Definition

10BASE-T

10BASE-T, one of several physical media specified in the IEEE 802.3 standard for Ethernet local area networks (LANs), is ordinary telephone twisted pair wire. 10BASE-T supports Ethernet's 10 Mbps transmission speed. In addition to 10BASE-T, 10 megabit Ethernet can be implemented with these media types:

 

  • 10BASE-2 (Thinwire coaxial cable with a maximum segment length of 185 meters)
  • 10BASE-5 (Thickwire coaxial cable with a maximum segment length of 500 meters)
  • 10BASE-F (optical fiber cable)
  • 10BASE-36 (broadband coaxial cable carrying multiple baseband channels for a maximum length of 3,600 meters)

This designation is an Institute of Electrical and Electronics Engineers (IEEE) shorthand identifier. The "10" in the media type designation refers to the transmission speed of 10 Mbps. The "BASE" refers to baseband signalling, which means that only Ethernet signals are carried on the medium. The "T" represents twisted-pair; the "F" represents fiber optic cable; and the "2", "5", and "36" refer to the coaxial cable segment length (the 185 meter length has been rounded up to "2" for 200).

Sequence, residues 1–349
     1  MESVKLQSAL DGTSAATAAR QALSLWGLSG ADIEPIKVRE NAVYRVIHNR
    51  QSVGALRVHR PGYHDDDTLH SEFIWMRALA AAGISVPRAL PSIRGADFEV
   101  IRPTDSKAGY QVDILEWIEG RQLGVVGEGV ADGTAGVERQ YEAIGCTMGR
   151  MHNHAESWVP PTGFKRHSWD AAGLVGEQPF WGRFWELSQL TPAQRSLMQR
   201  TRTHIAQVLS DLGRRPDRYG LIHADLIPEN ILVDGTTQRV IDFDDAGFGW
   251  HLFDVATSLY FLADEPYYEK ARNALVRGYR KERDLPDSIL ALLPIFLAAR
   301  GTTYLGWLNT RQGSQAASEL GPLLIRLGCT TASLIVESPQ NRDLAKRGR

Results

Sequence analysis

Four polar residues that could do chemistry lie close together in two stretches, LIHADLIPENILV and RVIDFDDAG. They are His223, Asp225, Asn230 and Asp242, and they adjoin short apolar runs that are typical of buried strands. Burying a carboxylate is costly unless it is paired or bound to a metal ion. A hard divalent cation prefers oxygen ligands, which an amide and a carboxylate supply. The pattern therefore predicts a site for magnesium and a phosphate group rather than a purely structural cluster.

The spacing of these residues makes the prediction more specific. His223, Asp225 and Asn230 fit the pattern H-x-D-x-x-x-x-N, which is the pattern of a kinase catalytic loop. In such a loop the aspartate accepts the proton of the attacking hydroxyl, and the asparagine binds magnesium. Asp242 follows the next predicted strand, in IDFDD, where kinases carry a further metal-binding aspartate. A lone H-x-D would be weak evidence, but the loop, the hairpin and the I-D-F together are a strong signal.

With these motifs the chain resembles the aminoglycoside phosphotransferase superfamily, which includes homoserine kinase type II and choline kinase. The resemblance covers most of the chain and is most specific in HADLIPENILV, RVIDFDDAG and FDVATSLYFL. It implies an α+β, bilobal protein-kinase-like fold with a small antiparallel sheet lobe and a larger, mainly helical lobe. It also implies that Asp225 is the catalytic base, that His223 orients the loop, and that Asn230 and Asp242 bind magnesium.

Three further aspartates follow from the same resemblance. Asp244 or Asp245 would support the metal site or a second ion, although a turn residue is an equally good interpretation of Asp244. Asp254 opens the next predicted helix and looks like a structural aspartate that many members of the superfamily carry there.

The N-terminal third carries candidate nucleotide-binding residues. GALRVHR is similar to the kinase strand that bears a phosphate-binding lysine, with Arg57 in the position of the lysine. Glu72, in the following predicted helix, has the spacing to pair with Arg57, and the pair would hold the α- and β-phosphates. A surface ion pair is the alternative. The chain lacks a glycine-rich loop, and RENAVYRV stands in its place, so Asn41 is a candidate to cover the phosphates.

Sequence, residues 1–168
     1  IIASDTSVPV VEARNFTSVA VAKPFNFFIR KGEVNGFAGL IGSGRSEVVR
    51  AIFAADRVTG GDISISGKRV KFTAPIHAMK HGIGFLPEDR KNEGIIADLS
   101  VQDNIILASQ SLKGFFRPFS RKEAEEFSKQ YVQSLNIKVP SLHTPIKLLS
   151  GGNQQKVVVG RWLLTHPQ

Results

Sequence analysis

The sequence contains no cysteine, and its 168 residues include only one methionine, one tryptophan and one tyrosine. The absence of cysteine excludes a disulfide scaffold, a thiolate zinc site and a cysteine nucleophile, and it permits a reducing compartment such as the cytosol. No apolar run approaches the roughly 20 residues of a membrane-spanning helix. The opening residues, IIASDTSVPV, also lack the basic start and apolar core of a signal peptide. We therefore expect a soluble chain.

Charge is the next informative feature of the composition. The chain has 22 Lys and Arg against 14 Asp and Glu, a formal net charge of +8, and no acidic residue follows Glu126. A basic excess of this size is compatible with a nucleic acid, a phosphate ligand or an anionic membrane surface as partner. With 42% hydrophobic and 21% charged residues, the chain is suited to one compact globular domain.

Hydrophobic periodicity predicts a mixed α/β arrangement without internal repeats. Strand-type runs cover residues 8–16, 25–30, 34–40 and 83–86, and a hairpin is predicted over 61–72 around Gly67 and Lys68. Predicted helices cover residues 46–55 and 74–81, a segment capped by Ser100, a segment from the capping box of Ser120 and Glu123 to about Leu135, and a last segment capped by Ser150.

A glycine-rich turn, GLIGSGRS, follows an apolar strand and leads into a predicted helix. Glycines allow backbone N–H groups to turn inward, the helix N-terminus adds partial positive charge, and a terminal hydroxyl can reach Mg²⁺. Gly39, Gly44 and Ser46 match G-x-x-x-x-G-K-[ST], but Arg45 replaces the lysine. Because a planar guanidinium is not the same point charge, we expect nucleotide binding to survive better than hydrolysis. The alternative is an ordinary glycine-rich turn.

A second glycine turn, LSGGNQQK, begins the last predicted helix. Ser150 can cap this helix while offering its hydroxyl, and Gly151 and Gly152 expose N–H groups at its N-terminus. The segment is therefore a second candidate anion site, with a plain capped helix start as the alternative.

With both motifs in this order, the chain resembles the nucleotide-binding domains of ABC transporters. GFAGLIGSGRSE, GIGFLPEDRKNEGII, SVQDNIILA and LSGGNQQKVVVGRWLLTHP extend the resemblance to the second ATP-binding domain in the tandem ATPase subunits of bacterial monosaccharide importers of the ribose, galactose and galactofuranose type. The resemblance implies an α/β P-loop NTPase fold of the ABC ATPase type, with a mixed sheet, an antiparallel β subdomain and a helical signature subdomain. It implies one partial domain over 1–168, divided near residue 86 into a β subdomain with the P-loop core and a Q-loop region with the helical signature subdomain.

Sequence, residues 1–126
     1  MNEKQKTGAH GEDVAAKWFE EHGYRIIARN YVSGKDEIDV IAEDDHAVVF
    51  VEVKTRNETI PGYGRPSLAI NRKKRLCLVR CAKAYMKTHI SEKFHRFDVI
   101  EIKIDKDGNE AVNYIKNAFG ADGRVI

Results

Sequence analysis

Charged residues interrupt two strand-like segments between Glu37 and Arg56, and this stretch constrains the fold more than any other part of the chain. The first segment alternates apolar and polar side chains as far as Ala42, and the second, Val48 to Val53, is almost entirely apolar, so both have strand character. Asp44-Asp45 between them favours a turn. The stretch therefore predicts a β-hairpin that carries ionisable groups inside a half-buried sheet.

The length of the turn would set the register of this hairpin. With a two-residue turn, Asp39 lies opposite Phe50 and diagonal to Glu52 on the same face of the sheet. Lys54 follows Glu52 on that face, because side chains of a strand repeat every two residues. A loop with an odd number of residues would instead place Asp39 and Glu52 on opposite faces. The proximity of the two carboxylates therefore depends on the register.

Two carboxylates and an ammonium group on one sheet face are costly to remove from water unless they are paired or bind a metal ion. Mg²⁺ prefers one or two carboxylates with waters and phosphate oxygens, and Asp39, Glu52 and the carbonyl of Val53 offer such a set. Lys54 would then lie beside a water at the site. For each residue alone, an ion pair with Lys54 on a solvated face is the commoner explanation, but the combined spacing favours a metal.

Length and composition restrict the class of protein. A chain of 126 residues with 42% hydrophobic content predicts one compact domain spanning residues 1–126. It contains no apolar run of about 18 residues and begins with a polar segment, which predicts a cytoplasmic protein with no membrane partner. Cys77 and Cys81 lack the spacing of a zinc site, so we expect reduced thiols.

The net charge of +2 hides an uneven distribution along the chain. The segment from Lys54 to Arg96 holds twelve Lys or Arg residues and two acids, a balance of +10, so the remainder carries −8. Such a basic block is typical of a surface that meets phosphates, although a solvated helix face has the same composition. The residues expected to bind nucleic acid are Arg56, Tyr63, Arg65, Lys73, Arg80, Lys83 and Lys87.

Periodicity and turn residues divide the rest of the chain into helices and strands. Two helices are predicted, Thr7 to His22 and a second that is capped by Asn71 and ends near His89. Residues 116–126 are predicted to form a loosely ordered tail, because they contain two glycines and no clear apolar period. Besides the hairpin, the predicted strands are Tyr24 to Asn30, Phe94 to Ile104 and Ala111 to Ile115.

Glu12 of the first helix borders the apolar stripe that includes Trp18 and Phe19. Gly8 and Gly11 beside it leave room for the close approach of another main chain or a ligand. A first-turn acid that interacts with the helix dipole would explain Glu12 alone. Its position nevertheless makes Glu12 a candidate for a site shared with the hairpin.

Also see 100BASE-T and Gigabit Ethernet.

Contributor(s): Don Ryland
This was last updated in April 2007
Posted by: Margaret Rouse

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